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does it make sense to purchase an investment property in an up and coming area like Clinton Hill/Dobro as long as the rental income covers the expenses i.e. mortgage, common charges. Am seeking capital appreciation and some rental income.
purchase stocks? Stocks have more liquidity but it seems so hard to get it right especially with all the volatility we see in the markets these days.
I already have 2 rental properties and they are both covering themselves in month to month cash flows as the rental incomes cover all expenses. The depreciation recapture means I may have to pay more taxes later if I sell them - is there a way I can minimize my tax liability?
Different asset classes, different liquidity and different long term potential. A number of investment pros are favoring real assets these days. Investment properties are real assets.
any expressed thoughts without the understanding of the individual situation is foolish. The OP does not address the diversification of assets, the age or employment situation, his personal preferences to be a landlord, the increases in taxes and expenses and or his dividend income. Positive cash flow might change when interest rate change. It is unknown if the OP interest/ mortgages are fixed or not. There are so many other variables that the question and the answer do not represent a serious approach to either the economy and or financial planning.
Thanks Riversider and realtime for your thoughts... more about me:
I am in my mid-40s and most of my assets are in real estate (2 rental in NY with 30 year fixed rate mortgage, 2 foreign properties with fixed rate mortgages), with the rest sitting in cash. All my properties are paying for themselves i.e. rental income covers all expenses including mortgage payments. I am not big on portfolio diversification just because it is typically too diversified to make any real returns over time. However I have been thinking about diversifying into stocks/ETFs lately as the liquidity profile is appealing to me. On the other hand, I think the NYC RE market has bottomed out and was thinking about adding to my RE portfolio. Am also trying to figure out the best way to minimize taxes on all these investments -- 1031 exchange etc are very new to me so any advice / thoughts will be great.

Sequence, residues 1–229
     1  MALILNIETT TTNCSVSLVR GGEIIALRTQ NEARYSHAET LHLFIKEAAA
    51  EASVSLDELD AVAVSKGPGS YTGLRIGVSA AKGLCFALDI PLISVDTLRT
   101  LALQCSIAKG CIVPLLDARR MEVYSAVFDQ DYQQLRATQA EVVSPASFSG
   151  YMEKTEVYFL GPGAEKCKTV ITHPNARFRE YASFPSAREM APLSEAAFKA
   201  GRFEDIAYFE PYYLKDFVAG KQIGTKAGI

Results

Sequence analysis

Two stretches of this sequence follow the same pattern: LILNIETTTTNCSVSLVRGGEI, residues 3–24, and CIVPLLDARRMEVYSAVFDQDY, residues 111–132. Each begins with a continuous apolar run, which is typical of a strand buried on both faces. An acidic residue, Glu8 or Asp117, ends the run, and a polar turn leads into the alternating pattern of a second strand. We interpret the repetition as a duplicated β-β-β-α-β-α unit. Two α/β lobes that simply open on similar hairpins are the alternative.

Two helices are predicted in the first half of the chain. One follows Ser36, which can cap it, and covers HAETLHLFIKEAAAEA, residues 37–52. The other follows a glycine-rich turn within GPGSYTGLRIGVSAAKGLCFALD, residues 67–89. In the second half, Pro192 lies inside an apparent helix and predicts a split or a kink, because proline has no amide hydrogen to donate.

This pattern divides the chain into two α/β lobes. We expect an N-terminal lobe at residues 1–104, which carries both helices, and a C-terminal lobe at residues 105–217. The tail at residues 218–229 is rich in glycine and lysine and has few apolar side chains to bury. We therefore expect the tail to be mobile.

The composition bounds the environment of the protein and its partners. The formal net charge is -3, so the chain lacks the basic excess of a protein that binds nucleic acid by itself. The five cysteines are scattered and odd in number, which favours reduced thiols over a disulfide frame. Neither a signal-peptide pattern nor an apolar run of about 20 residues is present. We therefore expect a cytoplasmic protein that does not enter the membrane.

Your investment choices strongly depend on your view.
1. Do you believe that you can find good investment properties with positive cash flows of more than 5% on your downpayment (after maintenance, no rent increase, mortgage, periodic reno, vacancy, cost to manage etc) without price appreciation? Probably very good as property price appreciation and rent appreciation will add additional returns.
2. For stock market, unless you are very investment savvy, stay away from single stocks or sector investments. Index investments, if you choose the right entry and exit points are great. There is a big sale every few years in stocks (30-40% off). Get in then and sell when things have been good for a while. Do not buy at full price. Of course, there are more sophisticated ways to decide whether the market is fairly valued or not. Generally, value oriented companies like Grantham publish fair value estimates. I believe Grantham's fair value estimates at at least 20% too low and remain that way. The key for index investments is either to panic very early when the things are going sour or hold it and put more money when things look really bad.
Am also trying to figure out the best way to minimize taxes on all these investments -- 1031 exchange etc are very new to me so any advice / thoughts will be great.
Don't be cheap. Speak to an accountant. Otherwise you are asking fake questions as you seem happy with what you are doing.